3. Output

Function: ConstructConsolidationBlock
Input: [..], attestations values Va, Vb

4.1 Encrypt the previous attestation values with the private block key K
    Va' := KW(K, Va)
    Vb' := KW(K, Vb)
6. Output
        encrypted_attestation_a := Va',
        encrypted_attestation_b := Vb',
        attestation_iv := Vi,

Function: CalculateConsolidationAttestation
Input: Unwrapped key Ka, Consolidation Block B
Output: Attestation value V

1. Recover the secret key K, and public dh keys
    K := UnwrapConsolidationBlock(Ka, B)
    Ya := B::dh_public_a
    Yb := B::dh_public_b
2. Unwrap the preceding attestation values
    Va := KU(K, Va')
    Vb := KU(K, Vb')
3. Calculate attestation as the signature of dh public keys, and the
   branches attestation values with K
    V := HMAC(K, Ya || Yb || Va || Vb )
4. Output

To insert a consolidation block in this construction, one would have to update the parent block in the chain. During unwrapping, one would check the attestation of the known branch as well as recalculate the blocks attestation value.

The attestation value in this chain construction presents a party trying to construct a consolidation block with one of two challenges:

  1. Know the secret key K to a previously constructed consolidation block, to be able to unwrap the attestation value from the previously encrypted value.
  2. Know the secret key of the child block, password or consolidated, to recalculate the signed value.

Note that this model does not prevent an attacker who has credentials to the shared resource from making changes to the block structure. In detail, the attestation and construction of a new block could be performed for any block in the attackers branch. Therefore, in case even one password is compromised, you need to change rekey all consolidated block of the branch, to change all compromised attestation values. This is inherently necessary, since an attacker capable of changing data would be able to replay the compromised file to anyone who has not yet changed their credentials, regardless of the underlying file structure.

We only need to consider the case where all passwords have been changed and make the attacker unable to read or stealthily modify any data in this case. Since rekeying will change all attestation values, and all internal keys are changed by this as well, this should be safe.

What does all of this get us then? An attacker who has only read access and compromised a password can be shut out of the system by changing that single password, instead of having to reenter all passwords, at least we hope that this can be guaranteed. And with attestation, even an attacker with write access can only get so far without passwords.

No formal proof is provided in this document, so don't take anything at face value.

Alternative tree structures

A chain of consolidation blocks and password blocks might be the most straighforward structure but this requires a decryption time which scales linearly with the number of credentials. While this still seeems fairly reasonable, in some settings other structures are preferable. In particular, any set of credentials can modify any blocks in its branch. More complex trees could therefore better model hierarchies much better, especially when incorporating the attestation idea above, which, if it fulfills its goal, makes it harder to reshape the tree without being detected. The hierarchy might then also be part of the attestation.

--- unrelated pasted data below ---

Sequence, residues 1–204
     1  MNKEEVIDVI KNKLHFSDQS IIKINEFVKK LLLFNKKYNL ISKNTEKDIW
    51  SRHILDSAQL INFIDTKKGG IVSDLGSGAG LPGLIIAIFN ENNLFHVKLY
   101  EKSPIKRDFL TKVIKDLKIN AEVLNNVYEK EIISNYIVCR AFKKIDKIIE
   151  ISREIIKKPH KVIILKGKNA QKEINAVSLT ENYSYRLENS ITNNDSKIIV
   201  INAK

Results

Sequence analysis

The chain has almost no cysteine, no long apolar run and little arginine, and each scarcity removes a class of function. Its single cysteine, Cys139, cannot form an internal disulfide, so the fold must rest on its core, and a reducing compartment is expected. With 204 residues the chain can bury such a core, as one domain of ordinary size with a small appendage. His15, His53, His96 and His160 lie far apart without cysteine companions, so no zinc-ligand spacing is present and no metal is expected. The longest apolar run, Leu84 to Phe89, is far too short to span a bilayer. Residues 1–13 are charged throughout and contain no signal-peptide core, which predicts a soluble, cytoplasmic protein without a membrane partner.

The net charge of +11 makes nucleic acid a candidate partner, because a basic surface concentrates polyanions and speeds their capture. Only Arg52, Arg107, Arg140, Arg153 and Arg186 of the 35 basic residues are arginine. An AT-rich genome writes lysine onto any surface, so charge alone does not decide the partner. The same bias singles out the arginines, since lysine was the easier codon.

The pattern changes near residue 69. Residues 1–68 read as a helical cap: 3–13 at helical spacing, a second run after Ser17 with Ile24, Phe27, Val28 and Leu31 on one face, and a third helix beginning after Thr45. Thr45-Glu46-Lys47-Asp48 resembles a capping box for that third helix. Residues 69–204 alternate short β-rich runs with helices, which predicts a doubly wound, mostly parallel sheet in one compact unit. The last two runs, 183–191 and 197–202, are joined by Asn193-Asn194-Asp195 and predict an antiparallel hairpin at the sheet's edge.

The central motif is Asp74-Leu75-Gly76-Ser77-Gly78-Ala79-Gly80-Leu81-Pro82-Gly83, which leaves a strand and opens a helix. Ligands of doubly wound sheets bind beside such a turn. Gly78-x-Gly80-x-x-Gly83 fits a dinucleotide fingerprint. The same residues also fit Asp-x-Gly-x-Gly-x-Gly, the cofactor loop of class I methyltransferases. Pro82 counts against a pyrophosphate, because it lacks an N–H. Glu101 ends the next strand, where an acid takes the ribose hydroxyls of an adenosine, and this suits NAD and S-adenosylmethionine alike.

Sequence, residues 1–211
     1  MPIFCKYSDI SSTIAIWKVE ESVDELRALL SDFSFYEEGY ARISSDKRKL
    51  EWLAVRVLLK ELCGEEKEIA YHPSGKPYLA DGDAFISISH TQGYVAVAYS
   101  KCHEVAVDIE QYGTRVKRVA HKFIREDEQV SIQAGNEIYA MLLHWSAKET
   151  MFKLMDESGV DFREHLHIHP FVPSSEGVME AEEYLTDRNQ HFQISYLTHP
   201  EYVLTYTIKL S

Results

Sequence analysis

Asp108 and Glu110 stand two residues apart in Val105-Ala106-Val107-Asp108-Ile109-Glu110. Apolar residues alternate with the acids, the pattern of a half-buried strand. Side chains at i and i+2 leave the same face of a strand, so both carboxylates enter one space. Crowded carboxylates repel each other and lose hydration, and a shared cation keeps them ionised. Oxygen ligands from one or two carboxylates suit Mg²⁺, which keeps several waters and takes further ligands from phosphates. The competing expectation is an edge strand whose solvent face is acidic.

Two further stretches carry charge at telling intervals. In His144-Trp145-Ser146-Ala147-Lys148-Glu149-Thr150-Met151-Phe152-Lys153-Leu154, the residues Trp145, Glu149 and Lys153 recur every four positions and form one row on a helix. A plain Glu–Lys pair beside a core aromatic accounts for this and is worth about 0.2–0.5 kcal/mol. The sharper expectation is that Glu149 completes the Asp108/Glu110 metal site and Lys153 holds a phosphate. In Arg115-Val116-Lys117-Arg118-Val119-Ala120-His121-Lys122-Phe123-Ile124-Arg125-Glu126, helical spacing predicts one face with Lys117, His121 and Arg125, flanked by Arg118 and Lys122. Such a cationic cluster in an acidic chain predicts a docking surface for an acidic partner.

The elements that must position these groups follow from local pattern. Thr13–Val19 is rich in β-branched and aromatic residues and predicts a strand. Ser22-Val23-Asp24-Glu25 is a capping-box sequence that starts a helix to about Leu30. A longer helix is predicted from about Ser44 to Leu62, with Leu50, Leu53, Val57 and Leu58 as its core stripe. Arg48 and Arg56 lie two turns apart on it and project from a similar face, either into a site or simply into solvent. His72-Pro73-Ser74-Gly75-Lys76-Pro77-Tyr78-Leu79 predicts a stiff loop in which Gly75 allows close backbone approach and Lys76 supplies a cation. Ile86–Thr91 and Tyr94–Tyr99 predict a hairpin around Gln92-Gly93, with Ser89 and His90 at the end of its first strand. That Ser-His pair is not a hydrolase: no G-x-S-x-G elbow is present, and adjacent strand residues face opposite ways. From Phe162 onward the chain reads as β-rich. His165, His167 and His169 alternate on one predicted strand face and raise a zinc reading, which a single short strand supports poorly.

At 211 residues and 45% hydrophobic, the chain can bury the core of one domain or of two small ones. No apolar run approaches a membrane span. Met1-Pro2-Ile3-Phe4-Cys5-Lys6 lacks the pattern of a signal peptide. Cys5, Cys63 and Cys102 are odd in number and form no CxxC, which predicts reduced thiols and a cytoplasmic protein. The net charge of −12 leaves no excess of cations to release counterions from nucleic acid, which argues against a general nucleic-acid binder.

Usage in password managers

As mentioned in the introduction, a major use case for this construction would be password managers. This will be exemplified with the PwSafe format v3/v4. In this case, the chain would protect a secret database encryption key K, an integrity verification key L. In this case, the integrity verification key protects both the integrity of the main database as well as the header, containing the chain, with an HMAC checksum. In case the attestation proposal has any bearings, the latter would also involve the attestation of the chains root block.

The specification for format v4 introduces a potential weakness which had not been present in version v3 but appears in the more recent version when multiple master passwords are in use. This has been noted as a format weakness in academics:

The PasswordSafe v3 database format stores both the encryption key and the MAC key used to secure the database content in the file header. [..] this specification detail opens the door to an attack. Assume that an adversary is able to obtain the master password for an encrypted database. Using the master password, the adversary would also be able to retrieve (and store) K and L. Subsequently, even if the user changes her master password, the adversary can still decrypt and/or modify any new version of the database. [..] i.e., changing the master password serves no purpose. pwsafe-security

While this is remedied in v3 by simply changing K and L each time the file is saved, the current specification v4 wraps the parameters separately for each password. This makes changing them impossible without entering all credentials, hence giving the illusion of security when a single password is changed only, as critiqued above.

The construction suggested here would make it possible to change K and L with any single password, through the rekeying algorithm.

Published on
Last updated